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Winds of change are blowing in sports. What’s causing it? Domestic assault. Child abuse. Infractions. Cheating.

Take the NFL. “Roger Goodell Looks to the Future, but Troubles Cloud the View, reads The New York Times headline (2/15/15). “The problems he faces—from off-field violence to team malfeasance—are stubborn and complicated,” is the article’s lead.

Challenges exist in youth sports, too. Little League Baseball, the sport’s governing body, recently stripped Chicago’s Jackie Robinson West of its 2014 international championship. Program leaders revamped geographic boundaries to recruit unauthorized players and, then, tried to cover up their fraud.Take college sports. Syracuse has initiated self-probation for irregularities in its basketball program, including shortcomings associated with acting on the results of players’ drug tests. An independent study done at the University of North Carolina Chapel Hill found evidence of academic fraud associated with athletes’ academic performance—a pattern that persisted unchecked for nearly twenty years. And two Vanderbilt football players were found guilty of campus sexual assault (gang rape).

There are sports rules and regulations to addresses issues like these. But compliance and penalty systems—important as they are—aren’t enough. And neither is the response: “We’re clean! It’s not happening here.”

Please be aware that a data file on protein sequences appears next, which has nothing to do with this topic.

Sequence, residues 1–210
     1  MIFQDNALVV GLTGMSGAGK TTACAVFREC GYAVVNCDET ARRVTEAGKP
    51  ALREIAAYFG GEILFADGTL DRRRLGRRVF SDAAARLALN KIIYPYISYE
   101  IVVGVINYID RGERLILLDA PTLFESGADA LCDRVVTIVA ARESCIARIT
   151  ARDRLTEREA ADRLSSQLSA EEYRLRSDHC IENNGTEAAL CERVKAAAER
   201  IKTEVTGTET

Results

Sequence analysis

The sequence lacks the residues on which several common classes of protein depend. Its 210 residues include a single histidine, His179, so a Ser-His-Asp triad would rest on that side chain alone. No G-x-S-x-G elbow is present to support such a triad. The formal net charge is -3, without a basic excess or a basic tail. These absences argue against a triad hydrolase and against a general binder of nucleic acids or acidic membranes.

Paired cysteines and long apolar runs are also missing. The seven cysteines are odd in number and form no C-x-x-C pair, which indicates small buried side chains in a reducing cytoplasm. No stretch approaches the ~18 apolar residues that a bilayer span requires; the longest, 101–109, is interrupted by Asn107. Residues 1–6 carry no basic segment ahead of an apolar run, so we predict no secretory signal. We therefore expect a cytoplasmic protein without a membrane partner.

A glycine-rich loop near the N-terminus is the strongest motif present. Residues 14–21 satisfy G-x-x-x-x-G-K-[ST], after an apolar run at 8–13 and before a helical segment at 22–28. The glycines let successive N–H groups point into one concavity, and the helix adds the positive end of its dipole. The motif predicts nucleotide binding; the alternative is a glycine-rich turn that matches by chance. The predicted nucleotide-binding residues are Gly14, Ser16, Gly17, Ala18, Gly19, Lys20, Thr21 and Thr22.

Let’s state it directly: It’s not just about avoiding wrong. It’s also about doing right—of being socially responsible.

How might social responsibility change the face of a sport? Take major college basketball as an example.

Change starts with elevated social consciousness, which is the antecedent to social responsibility. Socially conscious athletic administrators don’t separate what’s happening in society with what’s taking place in athletics. That’s because sports aren’t apart from society; they are a part of society. And while there are positive examples of socially responsible action in sports (e.g., the PGA’s “First Tee” program), what’s happening overall isn’t as pervasive and extensive as it needs to be.Get your remote some night, sit in front of your TV, and channel-switch games for a couple of hours. What will you see? At least 70% of the players on the floor at any one time will be African-Americans. Now, look at the benches. How many African-American head coaches do you see? You might see one, perhaps two, all night. Finally, look at who’s watching the games–the composition of arena crowds. What’s the prevailing demographic? You’ll see mostly White fans in the stands. It adds up to a blatant disconnect in big-time college basketball: there’s mostly white management with mostly black players playing in front of mostly white fans.

There’s one thing we know for sure: society needs more from athletics than a bunch of teams playing games.

So what needs to happen? Teams and sports governing authorities need to take a hard look at athletics through the lens of social consciousness. They need to ask: How are we doing? What can we do to be more socially responsible?
We need to take the same approach to improving responses to social and cultural issues in athletics.

Probing questions like those are asked all the time when it comes to competing. In response we add better players. Make coaching changes. Adjust offenses and defenses. Improve facilities. We do those things, and more, to improve on-field performance. It’s expected. It’s demanded. It’s The Holy Grail of sports.